Interdisciplinary clinical practice has become an essential objective for the management of complex cases in a large number of health facilities in Quebec and elsewhere. However, this highly desirable practice cannot be implemented on demand and requires a carefully designed approach in combination with continuous feedback between the various partners involved in the management and functioning of an interdisciplinary team. The purpose of this research was to provide teams with a tool to help them identify their strengths and weaknesses in order to ensure continuous improvement.
Following a comprehensive review of the literature on microsystems ensuring interdisciplinarity in health, we identified a large number of elements considered to be important factors allowing effective interdisciplinarity. These factors were used to construct a questionnaire that was submitted to several stages of validation (qualitative and statistical) designed to enable health professionals to measure their degree of integration of the concepts allowing interdisciplinary clinical practice.
This approach allowed validation of this questionnaire (Cronbach's alpha greater than 0.97). During the validation process, the number of questions of the questionnaire was reduced from 99 to 65.
The various steps of validation of the questionnaire allowed the development of a relevant tool to promote continuous improvement of interdisciplinary clinical teams.
Multidisciplinary team meetings (MDTMs) have developed into standard of care to provide expert opinion and to grant evidence-based recommendations on diagnostics and treatment of cancer. Though MDTMs are associated with a range of benefits, a growing number of cases, complex case discussion and an increasing number of participants raise questions on cost versus benefit. We aimed to determine cost of MDTMs and to define determinants hereof based on observations in Swedish cancer care.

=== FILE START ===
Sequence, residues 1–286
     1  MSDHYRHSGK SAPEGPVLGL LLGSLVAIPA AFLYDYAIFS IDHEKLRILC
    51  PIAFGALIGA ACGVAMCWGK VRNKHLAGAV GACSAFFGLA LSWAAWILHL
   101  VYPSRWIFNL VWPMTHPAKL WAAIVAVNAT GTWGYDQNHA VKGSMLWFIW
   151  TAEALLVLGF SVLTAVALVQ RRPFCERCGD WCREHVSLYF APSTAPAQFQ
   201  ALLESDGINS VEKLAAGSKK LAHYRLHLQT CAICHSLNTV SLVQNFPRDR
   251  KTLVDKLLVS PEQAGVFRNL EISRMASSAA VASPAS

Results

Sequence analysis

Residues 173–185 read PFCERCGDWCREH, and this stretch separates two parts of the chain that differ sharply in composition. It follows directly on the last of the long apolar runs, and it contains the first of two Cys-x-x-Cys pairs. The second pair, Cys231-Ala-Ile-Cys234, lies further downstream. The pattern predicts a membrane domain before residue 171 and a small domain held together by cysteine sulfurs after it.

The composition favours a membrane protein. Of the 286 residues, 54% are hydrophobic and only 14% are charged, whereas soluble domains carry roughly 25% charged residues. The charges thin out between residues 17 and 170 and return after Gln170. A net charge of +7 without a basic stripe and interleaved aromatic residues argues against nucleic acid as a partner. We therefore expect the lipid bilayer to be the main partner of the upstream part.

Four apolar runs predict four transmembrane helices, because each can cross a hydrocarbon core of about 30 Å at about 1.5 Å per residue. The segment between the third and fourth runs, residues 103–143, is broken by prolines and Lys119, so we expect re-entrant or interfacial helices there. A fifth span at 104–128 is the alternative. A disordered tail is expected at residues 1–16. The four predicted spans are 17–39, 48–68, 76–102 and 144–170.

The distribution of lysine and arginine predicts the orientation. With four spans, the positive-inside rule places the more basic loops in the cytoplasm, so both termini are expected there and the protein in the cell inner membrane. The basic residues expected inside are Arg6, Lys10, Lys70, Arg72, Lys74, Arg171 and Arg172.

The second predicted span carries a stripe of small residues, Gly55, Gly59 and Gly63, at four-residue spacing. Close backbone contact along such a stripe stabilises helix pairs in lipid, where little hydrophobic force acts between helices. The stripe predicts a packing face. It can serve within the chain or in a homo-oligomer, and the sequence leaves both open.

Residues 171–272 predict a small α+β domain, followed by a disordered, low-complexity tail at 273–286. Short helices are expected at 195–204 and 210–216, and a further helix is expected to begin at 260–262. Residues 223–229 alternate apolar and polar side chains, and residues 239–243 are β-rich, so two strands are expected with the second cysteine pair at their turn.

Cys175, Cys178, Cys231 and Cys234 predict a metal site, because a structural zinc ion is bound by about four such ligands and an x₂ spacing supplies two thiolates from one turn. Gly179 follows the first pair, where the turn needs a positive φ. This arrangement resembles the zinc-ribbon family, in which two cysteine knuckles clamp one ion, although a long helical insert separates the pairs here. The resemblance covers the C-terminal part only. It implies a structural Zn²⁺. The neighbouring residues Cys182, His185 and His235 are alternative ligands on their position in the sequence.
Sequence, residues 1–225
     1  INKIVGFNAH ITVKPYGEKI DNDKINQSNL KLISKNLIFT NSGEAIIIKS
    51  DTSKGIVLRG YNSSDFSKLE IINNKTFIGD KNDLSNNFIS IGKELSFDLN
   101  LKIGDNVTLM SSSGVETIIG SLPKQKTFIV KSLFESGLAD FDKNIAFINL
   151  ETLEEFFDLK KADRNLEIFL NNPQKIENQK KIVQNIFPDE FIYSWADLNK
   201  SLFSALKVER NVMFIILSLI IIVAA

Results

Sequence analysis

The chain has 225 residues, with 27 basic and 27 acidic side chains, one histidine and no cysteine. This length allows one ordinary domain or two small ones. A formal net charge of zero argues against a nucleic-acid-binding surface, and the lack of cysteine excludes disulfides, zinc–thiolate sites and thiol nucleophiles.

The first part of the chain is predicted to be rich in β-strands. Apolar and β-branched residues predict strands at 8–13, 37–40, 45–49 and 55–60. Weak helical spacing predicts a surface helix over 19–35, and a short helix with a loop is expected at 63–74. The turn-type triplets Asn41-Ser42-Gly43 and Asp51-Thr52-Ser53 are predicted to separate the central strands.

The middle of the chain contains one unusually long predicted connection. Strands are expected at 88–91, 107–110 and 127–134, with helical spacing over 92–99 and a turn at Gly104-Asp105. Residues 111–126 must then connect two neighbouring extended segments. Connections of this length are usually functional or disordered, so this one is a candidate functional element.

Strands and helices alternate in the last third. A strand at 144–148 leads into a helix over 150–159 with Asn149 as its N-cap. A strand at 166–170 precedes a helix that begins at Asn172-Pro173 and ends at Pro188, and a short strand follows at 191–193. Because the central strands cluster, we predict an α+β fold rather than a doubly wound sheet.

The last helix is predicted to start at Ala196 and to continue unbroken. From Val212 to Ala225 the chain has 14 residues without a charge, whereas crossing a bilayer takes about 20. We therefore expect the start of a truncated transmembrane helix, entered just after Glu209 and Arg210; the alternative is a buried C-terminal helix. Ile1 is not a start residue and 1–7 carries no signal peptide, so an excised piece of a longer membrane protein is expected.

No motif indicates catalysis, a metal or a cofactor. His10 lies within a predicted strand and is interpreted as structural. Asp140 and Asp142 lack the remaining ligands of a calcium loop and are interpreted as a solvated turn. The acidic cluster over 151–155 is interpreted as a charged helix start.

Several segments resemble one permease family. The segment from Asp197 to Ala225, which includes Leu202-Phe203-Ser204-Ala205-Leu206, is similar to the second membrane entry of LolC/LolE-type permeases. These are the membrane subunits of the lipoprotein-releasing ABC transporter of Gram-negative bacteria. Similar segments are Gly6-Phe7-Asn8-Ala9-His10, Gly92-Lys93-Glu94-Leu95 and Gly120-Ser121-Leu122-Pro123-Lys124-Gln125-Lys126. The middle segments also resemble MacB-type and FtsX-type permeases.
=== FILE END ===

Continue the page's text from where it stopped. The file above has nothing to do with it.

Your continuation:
Data were collected through observations of 50 MDTMs and from questionnaire data from 206 health professionals that participated in these meetings.
The MDTMs lasted mean 0.88?h and managed mean 12.6 cases with mean 4.2?min per case. Participants were mean 8.2 physicians and 2.9 nurses/other health professionals. Besides the number of cases discussed, meeting duration was also influenced by cancer diagnosis, hospital type and use of video facilities. When preparatory work, participation and post-MDTM work were considered, physicians spent mean 4.1?h per meeting. The cost per case discussion was mean 212 (range 91-595) EUR and the cost per MDTM was mean 2675 (range 1439-4070) EUR.
We identify considerable variability in resource use for MDTMs in cancer care and demonstrate that 84% of the total cost is derived from physician time. The variability demonstrated underscores the need for regular and structured evaluations to ensure cost effective MDTM services.